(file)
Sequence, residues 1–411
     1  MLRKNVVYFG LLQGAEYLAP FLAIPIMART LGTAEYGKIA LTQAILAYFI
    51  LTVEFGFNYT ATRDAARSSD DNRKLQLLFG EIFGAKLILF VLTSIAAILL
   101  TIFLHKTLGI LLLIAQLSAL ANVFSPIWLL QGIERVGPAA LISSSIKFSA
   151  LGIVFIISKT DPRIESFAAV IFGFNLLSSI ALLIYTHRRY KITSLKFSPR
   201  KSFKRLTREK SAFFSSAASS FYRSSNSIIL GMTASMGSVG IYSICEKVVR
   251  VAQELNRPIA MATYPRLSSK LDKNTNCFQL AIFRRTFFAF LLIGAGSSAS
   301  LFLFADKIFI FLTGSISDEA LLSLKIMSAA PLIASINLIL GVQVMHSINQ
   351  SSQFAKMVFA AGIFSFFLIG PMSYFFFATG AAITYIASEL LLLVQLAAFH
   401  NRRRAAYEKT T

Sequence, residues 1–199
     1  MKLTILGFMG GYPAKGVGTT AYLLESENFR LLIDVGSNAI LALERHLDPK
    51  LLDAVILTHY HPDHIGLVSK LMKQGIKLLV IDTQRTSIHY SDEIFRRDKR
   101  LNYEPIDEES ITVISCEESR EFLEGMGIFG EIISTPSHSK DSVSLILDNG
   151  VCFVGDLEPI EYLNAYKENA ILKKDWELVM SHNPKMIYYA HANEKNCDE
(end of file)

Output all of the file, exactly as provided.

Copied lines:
Sequence, residues 1–411
     1  MLRKNVVYFG LLQGAEYLAP FLAIPIMART LGTAEYGKIA LTQAILAYFI
    51  LTVEFGFNYT ATRDAARSSD DNRKLQLLFG EIFGAKLILF VLTSIAAILL
   101  TIFLHKTLGI LLLIAQLSAL ANVFSPIWLL QGIERVGPAA LISSSIKFSA
   151  LGIVFIISKT DPRIESFAAV IFGFNLLSSI ALLIYTHRRY KITSLKFSPR
   201  KSFKRLTREK SAFFSSAASS FYRSSNSIIL GMTASMGSVG IYSICEKVVR
   251  VAQELNRPIA MATYPRLSSK LDKNTNCFQL AIFRRTFFAF LLIGAGSSAS
   301  LFLFADKIFI FLTGSISDEA LLSLKIMSAA PLIASINLIL GVQVMHSINQ
   351  SSQFAKMVFA AGIFSFFLIG PMSYFFFATG AAITYIASEL LLLVQLAAFH
   401  NRRRAAYEKT T

Sequence, residues 1–199
     1  MKLTILGFMG GYPAKGVGTT AYLLESENFR LLIDVGSNAI LALERHLDPK
    51  LLDAVILTHY HPDHIGLVSK LMKQGIKLLV IDTQRTSIHY SDEIFRRDKR
   101  LNYEPIDEES ITVISCEESR EFLEGMGIFG EIISTPSHSK DSVSLILDNG
   151  VCFVGDLEPI EYLNAYKENA ILKKDWELVM SHNPKMIYYA HANEKNCDE